#45: The Departed (2006)

When and how did I watch this?

February 23rd, 2017, on a friend’s flash drive.

Had I seen this film already?

Nope, but at the same time, yep.

What did I know about the movie before watching it?

Crime drama film with an all-star cast and, by reputation, a bloody violent movie. This is a cult classic and simultaneously a decorated film.

What do I know about it now?

Last year, I watched Yojimbo, a film about a renegade samurai who stumbles upon a town with a gang rivalry within.  The film was highly memorable, but for the wrong reason; only a few months prior, I watched a film just like it.  In fact, it was precisely the same film, almost shot-for-shot. I learned later that the director of the previous film had borrowed Kurosawa’s content without his permission, resulting in a legal dispute. Leone later justified it. While this instance appears to be blatant plagiarism, The Departed is a legal redo, and possibly a superior one — unfortunately, I’d already seen this film (Infernal Affairs), so the familiarity became somewhat of a distraction.  They’re definitely their own films, but some scenes were borrowed almost verbatim.  And that’s fine, as long as it’s done better — and it is. Damon, DiCaprio, and the dangerously bipolar antagonist(?) in Nicholson are memorable enough, but what makes the movie work is its pacing and scenery.  How many times did my hair stand up in the final hour or so? For most of the film, we feel as trapped as both of the leads, wishing there were some way out of this without making a big mess.  Of course, this is Scorcese, so this isn’t going to be a tidy conclusion.  As is common with crime dramas (at least for me), getting all the names straight is challenging, so a rewatch is probably necessary to properly appreciate this film.  At the least, I can safely give this film the acclaim of being the best of the genre on the IMDb Top 250.

What are some themes in the film?

Betrayal/fidelity, integrity, duty, the role of the law, revenge

Did this affect me personally?

The moment when both of them are on the phone at the same time — I’m pretty sure I was holding my breath. Likewise, some of the interactions between Costigan (DiCaprio) and Costello (Nicholson) made me nearly pee myself.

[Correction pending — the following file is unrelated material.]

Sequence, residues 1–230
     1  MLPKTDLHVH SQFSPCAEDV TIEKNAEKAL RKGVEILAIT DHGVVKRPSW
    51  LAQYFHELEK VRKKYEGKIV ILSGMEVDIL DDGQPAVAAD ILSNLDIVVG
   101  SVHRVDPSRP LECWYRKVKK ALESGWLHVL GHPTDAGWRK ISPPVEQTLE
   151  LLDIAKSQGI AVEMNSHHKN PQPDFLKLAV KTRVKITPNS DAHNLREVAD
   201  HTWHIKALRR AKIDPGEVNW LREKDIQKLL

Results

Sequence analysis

Why is this ranked #45?

The star power is absolutely insane, along with the Scorcese label and style.  It’s a crime drama, which is a genre seemingly everyone loves except for me. Oh, and the film is spectacular. I read elsewhere that this has been on cable movie channels often since its release, which garners casual popularity.

Did my wife watch/like it?

She did, but she had an unfavorable view on it, generally.

Would I watch it again?

Yes.  I could do without the constant profanity, but I would love to see it again for the sake of more clarity.

Would I recommend it to a friend?

Most big movie fan friends of mine have seen and love this one. If content isn’t a hurdle for you, it’s worth a look.

Does it deserve to be on this list as one of the greatest films of all time?

Certainly, but probably not ranked this high.  The screenplay, superb acting, and the beautiful shots qualify it for a position on the IMDb Top 250 alone, and it’s nudged even higher for making an already fantastic film even better.  I felt the one thing lacking was the subplot with Madolyn, a crucial plot device, but ultimately an underdeveloped motif and a wasted opportunity to flesh out both principals. But, these are semantics.

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